Nonvolatile memory is often formed using electrically-erasable programmable read only memory (EEPROM) technology. EEPROM, also known as flash memory, uses an architecture that is inadequate in its access, erase and write times, for the increasing operational speed requirements and decreasing size requirements of electronic devices. A memory architecture with faster access, erase and write times scalable to smaller devices is needed. Volatile memories (such as Random Access Memory (RAM)) are fast and inexpensive. Nonvolatile memories must improve before they can become a successful replacement in applications currently using volatile flash memories. Resistive switching memories are a type of nonvolatile memory which may provide an alternative to flash memories.

Resistive switching nonvolatile memories are formed of arrays of resistive switching memory with resistive switching elements where each element has two or more stable resistive states. Bi-stable resistive switching elements have two stable states. The application of an electric field having a particular voltage or current results in a desired element resistance. Voltage pulses are typically used to switch the memory element from one resistance state to the other.

Resistive switching elements use a “forming process” to prepare a memory device for use. The forming process is typically applied at the factory, at assembly, or at initial system configuration. A resistive switching material is normally insulating, but a sufficient voltage (known as a forming voltage) applied to the resistive switching material will form one or more conductive pathways in the resistive switching material. Through the appropriate application of various voltages (e.g. a set voltage and reset voltage), the conductive pathways may be modified to form a high resistance state or a low resistance state. For example, a resistive switching material may change from a first resistivity to a second resistivity upon the application of a set voltage, and from the second resistivity back to the first resistivity upon the application of a reset voltage.

To function properly, a resistive switching element must have two well defined resistive states. Therefore, it would be advantageous if a method existed for determining predictable switching behavior in a resistive switching element.

BRIEF DESCRIPTION OF THE DRAWINGS

The numerous objects and advantages of the present invention may be better understood by those skilled in the art by reference to the accompanying figures in which:

FIG. 1 shows a flowchart depicting one method for producing a resistive switching element with improved switching behavior by modifying the structure of a metal oxide;

FIG. 2 shows a tables of bandgap energies in a HfO2 film for different crystal phases;

FIG. 3 shows a flowchart depicting another method for producing a resistive switching element with improved switching behavior by doping a metal oxide;

FIG. 4 shows a flowchart depicting another method for producing a resistive switching element with improved switching behavior by monitoring the structure of a metal oxide;

FIG. 5 shows a cross-section of a resistive switching element taken with a transmission electron microscope;

FIG. 6 shows a flowchart depicting another method for producing a resistive switching element with improved switching behavior by doping and monitoring the structure of a metal oxide; and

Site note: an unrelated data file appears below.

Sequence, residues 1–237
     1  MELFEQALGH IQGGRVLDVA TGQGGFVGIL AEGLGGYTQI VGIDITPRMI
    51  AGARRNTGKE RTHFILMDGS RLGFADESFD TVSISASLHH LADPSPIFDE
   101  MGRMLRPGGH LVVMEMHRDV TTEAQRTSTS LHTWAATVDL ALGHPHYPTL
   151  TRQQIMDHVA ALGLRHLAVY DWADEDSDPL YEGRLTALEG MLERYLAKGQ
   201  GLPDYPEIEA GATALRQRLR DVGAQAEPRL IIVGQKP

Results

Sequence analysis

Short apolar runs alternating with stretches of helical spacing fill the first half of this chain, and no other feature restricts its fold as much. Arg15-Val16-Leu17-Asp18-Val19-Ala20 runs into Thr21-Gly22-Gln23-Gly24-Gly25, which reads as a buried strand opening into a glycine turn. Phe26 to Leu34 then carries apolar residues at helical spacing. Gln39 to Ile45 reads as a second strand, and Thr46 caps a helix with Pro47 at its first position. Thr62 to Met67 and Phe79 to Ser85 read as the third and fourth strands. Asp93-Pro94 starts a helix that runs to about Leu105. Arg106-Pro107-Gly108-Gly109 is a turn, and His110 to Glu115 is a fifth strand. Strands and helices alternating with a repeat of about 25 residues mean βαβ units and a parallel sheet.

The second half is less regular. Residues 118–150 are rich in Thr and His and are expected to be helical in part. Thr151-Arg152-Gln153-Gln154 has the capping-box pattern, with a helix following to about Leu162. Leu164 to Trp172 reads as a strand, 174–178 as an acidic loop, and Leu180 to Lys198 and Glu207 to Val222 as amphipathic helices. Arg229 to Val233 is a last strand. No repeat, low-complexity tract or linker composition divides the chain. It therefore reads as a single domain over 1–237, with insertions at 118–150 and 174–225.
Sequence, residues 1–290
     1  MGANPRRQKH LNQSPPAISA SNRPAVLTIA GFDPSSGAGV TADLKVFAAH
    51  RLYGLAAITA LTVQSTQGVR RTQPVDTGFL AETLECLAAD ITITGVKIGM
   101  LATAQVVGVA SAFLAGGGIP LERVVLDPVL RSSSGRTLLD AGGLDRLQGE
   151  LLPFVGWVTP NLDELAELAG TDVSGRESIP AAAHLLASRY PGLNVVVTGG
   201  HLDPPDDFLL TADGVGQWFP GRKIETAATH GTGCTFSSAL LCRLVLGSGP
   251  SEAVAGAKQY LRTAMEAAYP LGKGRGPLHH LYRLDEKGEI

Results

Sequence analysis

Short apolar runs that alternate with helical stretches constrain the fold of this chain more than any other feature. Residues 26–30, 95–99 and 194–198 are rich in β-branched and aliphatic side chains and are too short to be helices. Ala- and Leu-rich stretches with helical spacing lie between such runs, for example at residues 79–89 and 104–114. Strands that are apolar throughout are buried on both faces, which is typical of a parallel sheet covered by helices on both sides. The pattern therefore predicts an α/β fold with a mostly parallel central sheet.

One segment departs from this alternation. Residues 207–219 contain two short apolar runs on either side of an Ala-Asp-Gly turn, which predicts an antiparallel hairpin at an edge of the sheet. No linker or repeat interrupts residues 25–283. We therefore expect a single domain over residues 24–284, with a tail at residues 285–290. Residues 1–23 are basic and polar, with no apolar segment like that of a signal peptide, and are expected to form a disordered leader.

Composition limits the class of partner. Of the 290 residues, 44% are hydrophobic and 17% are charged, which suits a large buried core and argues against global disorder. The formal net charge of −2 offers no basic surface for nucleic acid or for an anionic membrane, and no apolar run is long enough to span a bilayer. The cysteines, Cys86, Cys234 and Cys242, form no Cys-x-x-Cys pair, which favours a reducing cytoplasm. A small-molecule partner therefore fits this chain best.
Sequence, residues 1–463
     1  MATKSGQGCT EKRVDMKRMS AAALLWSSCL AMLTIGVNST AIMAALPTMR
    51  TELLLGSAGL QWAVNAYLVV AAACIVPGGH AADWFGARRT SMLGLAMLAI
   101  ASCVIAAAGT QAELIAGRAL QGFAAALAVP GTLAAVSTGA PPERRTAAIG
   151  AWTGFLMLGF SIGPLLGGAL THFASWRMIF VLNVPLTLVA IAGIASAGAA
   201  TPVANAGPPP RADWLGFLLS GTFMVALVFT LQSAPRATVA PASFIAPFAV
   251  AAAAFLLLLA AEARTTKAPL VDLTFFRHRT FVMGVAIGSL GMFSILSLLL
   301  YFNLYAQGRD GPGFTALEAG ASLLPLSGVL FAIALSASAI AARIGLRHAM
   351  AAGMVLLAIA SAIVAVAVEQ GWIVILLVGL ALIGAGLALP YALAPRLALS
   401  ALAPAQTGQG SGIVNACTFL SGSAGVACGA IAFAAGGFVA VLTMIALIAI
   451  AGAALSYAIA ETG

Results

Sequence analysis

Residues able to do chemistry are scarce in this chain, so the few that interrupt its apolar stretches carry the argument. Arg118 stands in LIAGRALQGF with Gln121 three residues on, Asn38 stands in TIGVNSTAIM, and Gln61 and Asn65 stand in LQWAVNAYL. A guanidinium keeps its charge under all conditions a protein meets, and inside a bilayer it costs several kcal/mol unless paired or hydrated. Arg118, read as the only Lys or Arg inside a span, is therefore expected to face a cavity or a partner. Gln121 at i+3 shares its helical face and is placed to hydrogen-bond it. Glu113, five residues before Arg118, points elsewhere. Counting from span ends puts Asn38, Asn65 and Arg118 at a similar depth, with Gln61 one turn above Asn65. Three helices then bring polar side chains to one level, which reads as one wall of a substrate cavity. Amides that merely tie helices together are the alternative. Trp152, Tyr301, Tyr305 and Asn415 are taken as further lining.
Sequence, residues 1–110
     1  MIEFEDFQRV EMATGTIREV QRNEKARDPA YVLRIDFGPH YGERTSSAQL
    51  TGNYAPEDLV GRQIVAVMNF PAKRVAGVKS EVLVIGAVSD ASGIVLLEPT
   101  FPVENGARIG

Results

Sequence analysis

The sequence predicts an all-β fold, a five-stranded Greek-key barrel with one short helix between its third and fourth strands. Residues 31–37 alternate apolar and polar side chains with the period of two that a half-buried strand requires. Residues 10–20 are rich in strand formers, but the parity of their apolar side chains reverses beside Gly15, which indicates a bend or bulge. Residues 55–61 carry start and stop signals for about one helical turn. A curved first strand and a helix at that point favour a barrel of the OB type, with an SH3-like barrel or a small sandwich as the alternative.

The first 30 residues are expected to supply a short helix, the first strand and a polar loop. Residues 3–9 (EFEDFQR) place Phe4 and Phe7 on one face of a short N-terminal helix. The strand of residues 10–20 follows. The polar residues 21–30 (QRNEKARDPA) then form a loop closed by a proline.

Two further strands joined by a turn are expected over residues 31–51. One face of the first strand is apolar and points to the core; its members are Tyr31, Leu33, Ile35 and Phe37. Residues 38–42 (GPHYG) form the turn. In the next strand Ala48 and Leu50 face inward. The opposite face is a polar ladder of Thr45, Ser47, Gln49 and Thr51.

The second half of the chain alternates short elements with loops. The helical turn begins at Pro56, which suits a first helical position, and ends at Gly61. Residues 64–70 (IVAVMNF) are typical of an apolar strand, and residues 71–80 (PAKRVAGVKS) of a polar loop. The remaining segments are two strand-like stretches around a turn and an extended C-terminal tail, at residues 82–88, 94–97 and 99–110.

FIG. 7 shows a flowchart depicting a method for operating a resistive switching element having a metal oxide configured to undergo structural changes when a switching voltage is applied.

DETAILED DESCRIPTION

The present invention relates to methods for producing and operating Resistive Random Access Memory (RRAM) resistive switching elements having predictable switching behavior. Embodiments of the present invention may determine predictable switching behavior in a resistive switching element by monitoring an interfacial region between the dielectric and an electrode for structural changes associated predictable switching behavior. Other embodiments of the present invention may include operating a RRAM with a resistive switching element configured to undergo structural changes when a switching voltage is applied.

Metal silicides indicate that the interfacial structure between the dielectric and the electrode has been converted from one crystal phase to another, including an amorphous phase. An amorphous interfacial layer between the dielectric and the electrode generally improves the switching behavior in resistive switching elements.

RRAM Cell Formation

A RRAM cell includes two electrodes with a resistive switching element, generally comprising a dielectric metal oxide, placed between the two electrodes. In RRAM, forming is a process by which the resistive switching element in the RRAM cell is put into its low resistance state for the first time. The process is performed by applying a voltage, called the forming voltage, across two electrodes of a resistive switching element to form one or more conductive pathways in the resistive switching element. Conductive pathways formed during the forming process reduce the resistance of the resistive switching element. Once the forming process is complete, a certain voltage, called the reset voltage, applied across the two electrodes will reset the conductive pathways, thereby increasing the resistance of the resistive switching element. Another voltage, called the set voltage, applied across the two electrodes will reform the conductive pathways, thereby reducing the resistance of the resistive switching element. A typical forming voltage for a RRAM resistive switching element is about seven volts while the set voltage and reset voltage are typically lower than the forming voltage.